March 24, 2005

Bred Any Good Rooks Lately?

I'm so far behind in my blog reading that I didn't even notice that Kenny sent this task on to me. So I thought I'd do my part.

You're stuck inside Fahrenheit 451, which book do you want to be?
I would have thought it would be obvious. The Kama Sutra, of course. (For those who haven't read Bradbury's book, in the novel-world, all books have been destroyed. To insure that these valuable resources survive, members of an underground all "become" books. That is, they memorize them and can recite them to others. Living texts. Neat idea, right?)

Have you ever had a crush on a fictional character?
I can think of lots of movie character crushes. (My favorite one of those? Rachel Ward's Dominoe in Sharky's Machine.) But literary characters? I can't think of any right now.

The last book you bought is:
I just bought The Bear in the Attic, by Pat McManus, because his stories are a guilty pleasure, and Stories From a Moron, by Ed Broth, because as I was browsing through it in the store, I realized it was the first book to make me laugh out loud in a long time. (My favorite blurb from the back cover? Part of a letter from the editor of Fencers Quarterly Magazine. "Dear Ed: We do not publish stories about individuals like Conjugal Cal, or about underwear--no matter how often references are made to fencing..."

The last book you read:
I've been reading a bunch of them piecemeal. I guess I'd say Yaacov Lozowick's Right to Exist, Richard Preston's The Demon in the Freezer, and a couple of books on World Mythology (for work).

What are you currently reading?
The McManus and Broth books mentioned above. (And about a year and a half's worth of magazines like Maxim and Premiere that I fell behind on.)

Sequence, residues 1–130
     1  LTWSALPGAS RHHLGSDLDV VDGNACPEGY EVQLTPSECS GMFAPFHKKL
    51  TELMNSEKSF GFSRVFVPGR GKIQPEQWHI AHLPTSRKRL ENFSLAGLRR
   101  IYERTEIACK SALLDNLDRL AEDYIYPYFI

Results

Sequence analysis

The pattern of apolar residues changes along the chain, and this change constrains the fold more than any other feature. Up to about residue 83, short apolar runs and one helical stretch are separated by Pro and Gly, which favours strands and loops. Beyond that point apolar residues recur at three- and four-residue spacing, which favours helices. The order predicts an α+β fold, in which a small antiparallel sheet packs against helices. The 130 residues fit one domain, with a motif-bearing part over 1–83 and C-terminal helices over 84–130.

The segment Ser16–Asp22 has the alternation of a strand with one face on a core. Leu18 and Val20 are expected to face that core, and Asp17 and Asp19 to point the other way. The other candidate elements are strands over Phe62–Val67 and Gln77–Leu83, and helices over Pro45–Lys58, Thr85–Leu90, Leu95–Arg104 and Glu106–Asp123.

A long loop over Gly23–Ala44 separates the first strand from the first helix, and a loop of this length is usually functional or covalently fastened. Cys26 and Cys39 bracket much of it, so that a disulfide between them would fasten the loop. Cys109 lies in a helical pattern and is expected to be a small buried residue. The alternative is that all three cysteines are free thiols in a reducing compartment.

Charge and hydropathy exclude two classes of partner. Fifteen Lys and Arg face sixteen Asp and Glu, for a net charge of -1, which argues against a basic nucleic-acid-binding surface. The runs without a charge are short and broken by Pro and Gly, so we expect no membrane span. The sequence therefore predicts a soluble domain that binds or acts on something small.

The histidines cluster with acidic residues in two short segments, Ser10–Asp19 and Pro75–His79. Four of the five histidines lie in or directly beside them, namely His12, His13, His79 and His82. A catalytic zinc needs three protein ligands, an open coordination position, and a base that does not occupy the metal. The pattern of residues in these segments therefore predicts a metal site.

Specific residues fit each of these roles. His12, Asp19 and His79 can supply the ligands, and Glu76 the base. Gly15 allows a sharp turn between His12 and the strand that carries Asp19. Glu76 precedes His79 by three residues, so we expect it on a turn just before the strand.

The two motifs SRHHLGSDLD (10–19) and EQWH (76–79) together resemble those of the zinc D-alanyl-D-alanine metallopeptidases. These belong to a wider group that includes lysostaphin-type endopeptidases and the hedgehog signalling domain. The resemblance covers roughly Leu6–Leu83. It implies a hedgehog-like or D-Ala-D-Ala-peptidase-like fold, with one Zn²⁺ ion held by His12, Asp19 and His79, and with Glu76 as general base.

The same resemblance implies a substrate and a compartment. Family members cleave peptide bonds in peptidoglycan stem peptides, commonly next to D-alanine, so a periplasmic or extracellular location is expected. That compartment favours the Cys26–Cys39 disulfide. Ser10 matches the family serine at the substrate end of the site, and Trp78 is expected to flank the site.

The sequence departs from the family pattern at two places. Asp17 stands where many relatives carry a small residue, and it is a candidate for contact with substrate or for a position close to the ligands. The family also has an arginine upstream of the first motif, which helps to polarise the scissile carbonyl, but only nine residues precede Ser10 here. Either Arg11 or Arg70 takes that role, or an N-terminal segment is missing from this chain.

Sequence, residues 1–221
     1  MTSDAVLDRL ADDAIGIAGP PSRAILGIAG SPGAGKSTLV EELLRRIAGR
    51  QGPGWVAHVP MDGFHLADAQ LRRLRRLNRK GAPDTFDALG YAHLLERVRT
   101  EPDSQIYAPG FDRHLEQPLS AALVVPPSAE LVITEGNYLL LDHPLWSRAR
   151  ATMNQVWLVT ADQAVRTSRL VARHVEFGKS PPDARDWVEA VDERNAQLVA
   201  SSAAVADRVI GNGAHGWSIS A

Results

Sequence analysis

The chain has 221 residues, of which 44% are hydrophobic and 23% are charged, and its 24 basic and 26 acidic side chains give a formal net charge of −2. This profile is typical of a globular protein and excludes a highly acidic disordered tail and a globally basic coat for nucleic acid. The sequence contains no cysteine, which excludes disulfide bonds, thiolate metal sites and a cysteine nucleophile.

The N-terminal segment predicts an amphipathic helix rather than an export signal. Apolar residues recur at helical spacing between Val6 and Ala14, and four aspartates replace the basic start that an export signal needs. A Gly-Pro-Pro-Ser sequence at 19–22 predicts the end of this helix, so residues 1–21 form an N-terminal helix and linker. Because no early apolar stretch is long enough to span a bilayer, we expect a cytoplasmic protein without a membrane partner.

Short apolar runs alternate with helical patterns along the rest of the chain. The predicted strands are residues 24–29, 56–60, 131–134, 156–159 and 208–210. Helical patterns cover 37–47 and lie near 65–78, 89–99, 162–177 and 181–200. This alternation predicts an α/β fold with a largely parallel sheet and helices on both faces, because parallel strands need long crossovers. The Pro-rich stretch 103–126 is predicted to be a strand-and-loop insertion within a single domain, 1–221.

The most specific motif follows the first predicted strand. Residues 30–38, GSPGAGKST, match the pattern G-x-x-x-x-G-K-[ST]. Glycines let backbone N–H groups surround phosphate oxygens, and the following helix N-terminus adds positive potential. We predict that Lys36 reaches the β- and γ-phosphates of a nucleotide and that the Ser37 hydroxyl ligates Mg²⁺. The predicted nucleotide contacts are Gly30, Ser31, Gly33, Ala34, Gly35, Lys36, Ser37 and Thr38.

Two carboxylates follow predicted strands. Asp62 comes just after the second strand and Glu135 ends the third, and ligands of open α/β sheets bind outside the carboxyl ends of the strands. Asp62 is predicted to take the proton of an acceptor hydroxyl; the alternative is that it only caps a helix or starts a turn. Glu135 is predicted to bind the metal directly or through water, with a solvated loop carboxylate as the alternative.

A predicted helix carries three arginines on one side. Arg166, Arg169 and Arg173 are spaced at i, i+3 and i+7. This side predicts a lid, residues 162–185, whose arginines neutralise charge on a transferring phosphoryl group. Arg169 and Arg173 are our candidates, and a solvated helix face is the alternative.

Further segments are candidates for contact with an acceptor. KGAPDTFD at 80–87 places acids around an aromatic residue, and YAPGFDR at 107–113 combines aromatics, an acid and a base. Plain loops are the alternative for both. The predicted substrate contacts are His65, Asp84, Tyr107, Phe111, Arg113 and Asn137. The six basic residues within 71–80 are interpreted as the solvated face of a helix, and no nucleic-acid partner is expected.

Five books you would take to a deserted island.
Zen and the Art of Motorcycle Maintenance, by Robert Pirsig
The Brotherhood of the Rose, by David Morrell
Dr. No, by Ian Fleming (what can I say? It's my favorite Bond novel!)
Either October Country, by Ray Bradbury, or possibly a book on Raftbuilding
A blank book (and pen), so I could create a record of my inevitable descent into madness and slow, painful demise.

In case you're wondering why no science books...Well, science changes so much, so fast. It'd be like having one issue of a newspaper. And really, what good is it going to do me, unless it's something like Electricity From Coconuts and Seagull Poop Made Easy?

And by the way, I'd gladly trade any book on that list for a deck of cards.

Who are you going to pass this stick to (3 persons) and why?
I'll pass it on to anyone that will take it. Maybe then I can get some of you to comment. But since I have to put down three people...
1) Mr. Doug Pace because a) he rocks, and b) I'm actually curious to read his answers
2) Petitedov because of our conversations about various books
3) Sister Serious the Younger because I think she'd like answering the questions.

1 comment:

  1. You wouldn't have to trade any of your books for a pack of cards because you could tear out pages from the blank book (and probably some of the blank pages at the end of the other books), quarter them, and draw the card faces on them. Man, you won't last a week on a desert island if you don't start thinking.

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